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5 Dynamic Hamstring Stretches for Peak Performance In The Gym

dynamic hamstring stretches

Hamstring tightness is a common muscle imbalance and unfortunately, it can lead to a lot of unwanted problems.

From back and knee pain during exercise to poor posture and difficulties with everyday activities, tight hamstrings can be a real pain in the you know where.

Luckily, there are a lot of ways to stretch these guys and improve their flexibility.

And dynamic stretching is a great way to do this prior to exercise.

Dynamic stretching helps increase blood flow and improve mobility, reducing the chance of injury while participating in whatever activity you’re about to perform.

And unlike classic static stretching, they don’t inhibit performance or take forever to complete.

In this article, we’ll explore the importance of dynamic hamstring stretches and the benefits they can bring to your fitness routine.

We’ll also take a look at some highly-effective examples you can start adding to your warm-up today.

Let’s get started.

Understanding the Hamstrings

Before diving right into dynamic stretches, it’s essential to understand the hamstrings’ role in the body.

The hamstrings are a group of three muscles located on the back of the thigh (the biceps femoris, semitendinosus, and semimembranosus) and they play a big role in pretty much any movement occurring from the waist down.

Their primary role is to bend the knee and extend the hip, but your hamstrings also help stabilize the knee and pelvis during activity.

And since they do connect to the pelvis (ischial tuberosity, right under your butt) having tight hamstrings can put unwanted stress on the low back.

Tight hamstrings can easily cause pain in the knees or hips during activity and even contribute to foot and ankle issues during walking/running.

This is because tight hamstrings can effect your knee range of motion, altering your foot placement when it strikes the ground.

hamstring stretching

I know, wild.

As a physical therapist, we have to take into account a lot of different variables when trying to diagnosis/treat pain.

This keeps the job exciting, but it can also make it challenging.

Anyway, the hamstrings are versatile muscles that play a multifaceted role in movement and function.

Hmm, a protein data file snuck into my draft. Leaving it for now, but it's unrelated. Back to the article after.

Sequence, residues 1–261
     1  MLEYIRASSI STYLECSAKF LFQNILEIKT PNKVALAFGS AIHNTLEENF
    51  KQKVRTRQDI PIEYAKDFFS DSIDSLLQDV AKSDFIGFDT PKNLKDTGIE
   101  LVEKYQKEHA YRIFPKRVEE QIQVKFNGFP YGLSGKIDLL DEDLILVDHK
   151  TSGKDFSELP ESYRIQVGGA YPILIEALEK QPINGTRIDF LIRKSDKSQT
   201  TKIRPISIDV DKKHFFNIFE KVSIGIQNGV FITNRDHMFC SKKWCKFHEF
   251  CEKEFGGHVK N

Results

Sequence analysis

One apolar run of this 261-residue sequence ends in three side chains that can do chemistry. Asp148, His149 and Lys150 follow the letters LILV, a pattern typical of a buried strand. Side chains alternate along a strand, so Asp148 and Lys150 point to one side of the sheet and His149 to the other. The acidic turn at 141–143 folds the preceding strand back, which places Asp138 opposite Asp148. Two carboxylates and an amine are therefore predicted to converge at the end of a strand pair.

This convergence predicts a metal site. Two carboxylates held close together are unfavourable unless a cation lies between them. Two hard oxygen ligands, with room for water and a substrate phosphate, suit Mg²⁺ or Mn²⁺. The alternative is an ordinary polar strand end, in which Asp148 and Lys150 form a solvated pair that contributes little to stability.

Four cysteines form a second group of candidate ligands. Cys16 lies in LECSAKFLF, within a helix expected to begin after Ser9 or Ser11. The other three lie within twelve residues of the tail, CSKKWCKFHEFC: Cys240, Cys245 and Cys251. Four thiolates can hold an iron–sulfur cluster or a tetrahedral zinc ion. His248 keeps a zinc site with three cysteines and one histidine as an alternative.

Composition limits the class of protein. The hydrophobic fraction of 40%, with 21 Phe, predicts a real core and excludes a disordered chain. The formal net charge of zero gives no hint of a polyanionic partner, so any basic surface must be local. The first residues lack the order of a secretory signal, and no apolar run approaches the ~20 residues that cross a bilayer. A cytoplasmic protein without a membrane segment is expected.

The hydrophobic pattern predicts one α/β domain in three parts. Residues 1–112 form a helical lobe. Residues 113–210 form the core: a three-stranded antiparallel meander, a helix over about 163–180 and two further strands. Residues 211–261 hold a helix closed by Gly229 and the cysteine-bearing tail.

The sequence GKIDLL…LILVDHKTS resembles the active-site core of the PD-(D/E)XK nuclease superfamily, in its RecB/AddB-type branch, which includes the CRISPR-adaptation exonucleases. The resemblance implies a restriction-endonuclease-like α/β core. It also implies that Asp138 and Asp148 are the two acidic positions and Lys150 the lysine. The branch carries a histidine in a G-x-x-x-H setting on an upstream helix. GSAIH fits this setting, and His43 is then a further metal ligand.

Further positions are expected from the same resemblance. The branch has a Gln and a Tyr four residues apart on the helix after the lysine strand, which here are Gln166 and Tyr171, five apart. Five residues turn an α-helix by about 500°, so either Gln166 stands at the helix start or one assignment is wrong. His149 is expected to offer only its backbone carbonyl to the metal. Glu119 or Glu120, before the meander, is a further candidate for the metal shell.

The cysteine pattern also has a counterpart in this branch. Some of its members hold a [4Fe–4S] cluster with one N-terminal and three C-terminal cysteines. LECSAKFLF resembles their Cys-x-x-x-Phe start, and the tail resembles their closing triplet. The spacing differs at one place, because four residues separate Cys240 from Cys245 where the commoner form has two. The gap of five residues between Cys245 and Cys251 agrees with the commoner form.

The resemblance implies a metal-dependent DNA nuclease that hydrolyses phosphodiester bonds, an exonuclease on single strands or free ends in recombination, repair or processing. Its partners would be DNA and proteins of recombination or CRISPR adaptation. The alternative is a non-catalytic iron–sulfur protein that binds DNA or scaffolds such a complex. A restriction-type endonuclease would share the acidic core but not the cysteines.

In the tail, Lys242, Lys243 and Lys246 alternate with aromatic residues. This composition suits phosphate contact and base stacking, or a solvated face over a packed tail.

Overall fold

Proper conditioning, including stretching and strengthening exercises, is important to maintain the health and functionality of the hamstrings and to reduce the risk of injuries.

The Importance of Dynamic Stretches

Dynamic stretches involve controlled, active movements that mimic the actions of the activity or sport you’re about to engage in.

Unlike static stretches, dynamic hamstring stretches help increase blood flow, warm up muscles, and improve flexibility without compromising strength.

This is particularly beneficial before engaging in activities that require explosive movements or rapid changes in direction.

Dynamic hamstring stretches usually get most of the other muscles in your legs moving and warm too, making them a great choice for leg day or for use before any cardio workout.

Dynamic stretches in general, are best used before a workout, so consider including them as part of your warm up routine.

Static stretches on the other hand, are usually best suited for the cool down phase, helping you improve muscle tension after your workout is finished.

These rules aren’t written in stone anywhere, but there has been some research that shows too much static stretching before exercise can inhibit strength.

5 Highly-Effective Dynamic Hamstring Stretches

#1 Leg Swings

Stand next to a wall or chair for support and swing one leg forward and backward, then side to side. Repeat for 10-15 swings on each leg.

Try to remain standing nice and tall and try not to bend your trunk.

And don’t try to kick beyond your capabilities or you might risk pulling something… make sure you’ve warmed up before doing this one.

#2 Walking Lunges

Take a step forward with your right foot into a lunge position, keeping the left leg straight. Alternate legs as you walk forward, feeling the stretch in the hamstrings.

This definitely gets your quads and glutes warmed up too, making it a great choice for leg day.

I also like it because you can feel a good stretch in your hip flexors as well.